Re: _ROM_ -- hunger for self-transformation

On Jul 8, 9:27am, Malgosia Askanas wrote:
> Subject: Re: _ROM_ -- hunger for self-transformation
> > The point here, I think, is that the desire for disappearance does not
> > coincide with disappearance per se, but from a language that promises to
> > enthrall and to wrap the subject but never quite gets there. In language,
> > in thought as proto-linguistic, there is a veiling-unveiling of the
> > in, by and through whom language is made to speak, to answer to the
> > impossibillity of disappearance, of absenting oneself from relations of
> > power.
> But what is this "absenting"? Is it merely absolvement from
> personal responsibility? So that being transformed even as I speak
> would become proof, even to myself, that I am merely a conduit, rather
> than a willing accomplice of that which speaks through me?
> In Beckett, it seems to me, subjugation is an intrinsic condition of
> humanity: each character is always already self-subjugated, and
> discourse, in a way, is a discharge which, like a urine sample, discloses
> the particulars of each personal self-subjugation. Equally intrinsic
> is the desire to get rid of the dual burden of enslavement and
> responsibility. The Beckettian condition is one of saturation, of
> standstill: there exists, in human relations, no possibility of movement.
> The characters are self-subjugating immobile discharge-points of a
> longing for self-extrication. Everything else is just a consequence.
> But this, it seems to me, does not quite account for the way
> self-transformation (through writing) is talked about in RoM -- although
> I guess one _could_ fit it into this mold. Penelope, are you arguing
> that this is indeed the right mold?
> -
>-- End of excerpt from Malgosia Askanas

Actually, I think that the "mold" is itself the problem. What will work, and
what won't, in terms of permitting "us to see clearly what links us to our
modernity and at the same time will make it appear modified to us"(38), is
not fixed, cannot be fixed into one particular method. I think that the
double -edge that Foucault points to in the above quote (between truth and
fiction, between evidence and fabrication, between what binds and modifies
our relationships to both ourselves and others), could be addressed according
to Hiedegger's concept of alethia as a veiling-unveiling.

What is dangerous, in my mind at least, is concentrating on
self-transformation alone (and I don't think f. does this by any stretch of
the imagination). Tought and the valuations which are incurred as an "effect"
of it, tends toward the forgetful at the same time as it postulates what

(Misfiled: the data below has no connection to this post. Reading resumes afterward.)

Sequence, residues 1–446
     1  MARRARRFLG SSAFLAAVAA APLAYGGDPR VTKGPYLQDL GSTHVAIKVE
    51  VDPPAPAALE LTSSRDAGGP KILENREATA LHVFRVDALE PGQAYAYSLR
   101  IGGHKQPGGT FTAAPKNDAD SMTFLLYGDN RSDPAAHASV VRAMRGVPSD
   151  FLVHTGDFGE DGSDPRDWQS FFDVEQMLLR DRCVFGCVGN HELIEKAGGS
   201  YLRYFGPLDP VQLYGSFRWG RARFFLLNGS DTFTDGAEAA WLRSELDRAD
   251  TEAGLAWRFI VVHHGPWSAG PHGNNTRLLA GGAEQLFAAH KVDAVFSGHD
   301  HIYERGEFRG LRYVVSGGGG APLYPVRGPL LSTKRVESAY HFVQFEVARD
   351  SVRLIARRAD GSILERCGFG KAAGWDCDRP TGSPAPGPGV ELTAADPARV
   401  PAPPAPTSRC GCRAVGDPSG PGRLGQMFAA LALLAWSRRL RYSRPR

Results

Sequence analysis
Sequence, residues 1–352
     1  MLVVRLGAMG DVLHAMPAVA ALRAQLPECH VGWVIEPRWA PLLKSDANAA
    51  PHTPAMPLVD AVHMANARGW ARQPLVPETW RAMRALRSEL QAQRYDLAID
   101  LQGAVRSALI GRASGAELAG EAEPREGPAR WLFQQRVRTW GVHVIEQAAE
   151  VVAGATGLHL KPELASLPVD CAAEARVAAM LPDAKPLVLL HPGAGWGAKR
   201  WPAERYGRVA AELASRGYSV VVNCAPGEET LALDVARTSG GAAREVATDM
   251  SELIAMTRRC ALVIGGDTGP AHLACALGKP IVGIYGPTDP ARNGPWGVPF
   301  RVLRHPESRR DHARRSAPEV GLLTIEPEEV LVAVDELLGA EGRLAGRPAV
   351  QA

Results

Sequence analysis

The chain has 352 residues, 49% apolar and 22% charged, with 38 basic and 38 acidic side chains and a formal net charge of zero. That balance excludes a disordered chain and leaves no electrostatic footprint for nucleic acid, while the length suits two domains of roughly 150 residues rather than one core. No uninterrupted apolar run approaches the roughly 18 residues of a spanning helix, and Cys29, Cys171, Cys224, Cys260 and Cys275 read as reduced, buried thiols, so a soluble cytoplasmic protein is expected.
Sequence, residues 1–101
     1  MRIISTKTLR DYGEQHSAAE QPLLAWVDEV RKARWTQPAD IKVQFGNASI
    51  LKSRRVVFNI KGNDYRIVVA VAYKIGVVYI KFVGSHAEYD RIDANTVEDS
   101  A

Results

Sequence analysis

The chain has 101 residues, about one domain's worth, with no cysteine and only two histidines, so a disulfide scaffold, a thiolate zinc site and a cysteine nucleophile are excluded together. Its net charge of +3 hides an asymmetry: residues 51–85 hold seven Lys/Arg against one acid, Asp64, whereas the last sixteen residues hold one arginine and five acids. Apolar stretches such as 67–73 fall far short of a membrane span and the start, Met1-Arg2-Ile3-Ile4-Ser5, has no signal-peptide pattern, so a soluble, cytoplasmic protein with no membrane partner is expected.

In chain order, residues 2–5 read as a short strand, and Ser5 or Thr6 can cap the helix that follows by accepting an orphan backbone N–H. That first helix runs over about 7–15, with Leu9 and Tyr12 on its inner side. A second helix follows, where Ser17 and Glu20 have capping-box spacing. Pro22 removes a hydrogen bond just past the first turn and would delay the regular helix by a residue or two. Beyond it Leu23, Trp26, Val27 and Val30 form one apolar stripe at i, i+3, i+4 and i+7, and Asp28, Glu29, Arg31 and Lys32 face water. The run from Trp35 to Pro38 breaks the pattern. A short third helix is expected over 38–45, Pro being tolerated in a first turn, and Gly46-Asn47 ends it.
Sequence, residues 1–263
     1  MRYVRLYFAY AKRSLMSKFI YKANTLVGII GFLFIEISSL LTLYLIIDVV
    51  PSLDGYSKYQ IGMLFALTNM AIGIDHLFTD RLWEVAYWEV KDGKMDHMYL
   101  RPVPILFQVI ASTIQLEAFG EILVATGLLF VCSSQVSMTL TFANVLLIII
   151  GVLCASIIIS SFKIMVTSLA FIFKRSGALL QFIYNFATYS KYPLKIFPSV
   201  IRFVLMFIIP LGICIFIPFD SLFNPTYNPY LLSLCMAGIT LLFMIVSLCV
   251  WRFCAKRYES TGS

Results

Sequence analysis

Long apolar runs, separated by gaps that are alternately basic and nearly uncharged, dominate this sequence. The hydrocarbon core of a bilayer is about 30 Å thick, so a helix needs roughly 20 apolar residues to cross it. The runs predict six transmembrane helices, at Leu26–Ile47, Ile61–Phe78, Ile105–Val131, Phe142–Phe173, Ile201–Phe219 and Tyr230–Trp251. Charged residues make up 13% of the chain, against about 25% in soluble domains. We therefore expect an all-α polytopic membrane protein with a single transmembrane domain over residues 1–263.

"ought" to be/ is memorial. I don't think that F. is aiming at a "cult of the
new" or of self-transformation, but at seeking out new ways of imagining
relattionships. This means interrogating the limits of the possible, tring
"through experience to reach that point of life which lies as close as
possible to the impossibility of living, which lies at the limit or extreme."
(31) Writing toward the limit does not necessarily mean stepping beyond or
surpassing the limit because, despite the possibility of imagining the
beyond, one cannot absent oneself from what the limit encloses/foreclses as

Looking at "A Preface to Transgression" is important to this point. Language
delimits the "expressible," what can be said, even as one attempts to realize
in language what cannot be said. He wrote: "Perhaps this 'difficulty with
words' also defines the space given over to an experience in which the
speaking subject, instead of expressing himself, is exposed, goes to
encounter his finitude and, under each of his words, is brought back to the
reality of his own death"(51). This leads to a problem that seems to me to be
encountered often with F.'s work: Can self-transformation be equated in some
way with transgression?

Transgression and excess, the limit, point in the direction of the beyond at
the same time that they delimit the field of possibility; they are movements
which "consume and consummate us." For, "[t]ransgression is an action which
involves the limit, that narrow zone of a line where it displays the flash of
its passage, but perhaps also its entire trajectory, even its origin; it is
likely that transgression has its entire space in the line it crosses"

It is in the approach to the limit, rather than arriving at it, that what the
limit delimits becomes, as it were, unheimlich or verfremmdung. Making the
familiar strange is what F. credits Nietzsche, Blanchot and Bataille with
when he says "experience...has rather the task of 'tearing'the subject from
itself in such a way that it is no longer the subject as such, or that it is
completely 'other' than itself so that it may arrive at its annihilation, its
dissociation."(31) I would add Beckett to this list, primarily due to the
exhaustion of the rhetorical rights of reference (pronominal naming,
narration [time], and spatialization) in language that one "experiences" in
the Unnamable. Beckett writes toward the limit (the effect for him was the
inability to write for years following) to dissociate himself from bondage of
language. And, although he took up writing again, he could not absent
himself, step beyond, these bonds and continue writing. Of course, his
writing changed--he said that language had once again become strange to him
and that writing through the strangeness returned him to himself, albeit

What I think is vital here is not collapsing writing and self-transformation
and being done with it there and then. For, as F. says of his writing, "its
character is instrumental AND visionary or dream-like". From this I would
aks, how does writing become dream-like or visionary? What kind of
assumptionns are we making when we equate writing with dreaming?

Thanks for indulging me.

Penelope Ironstone-Catterall
York University
School of Social & Political Thought


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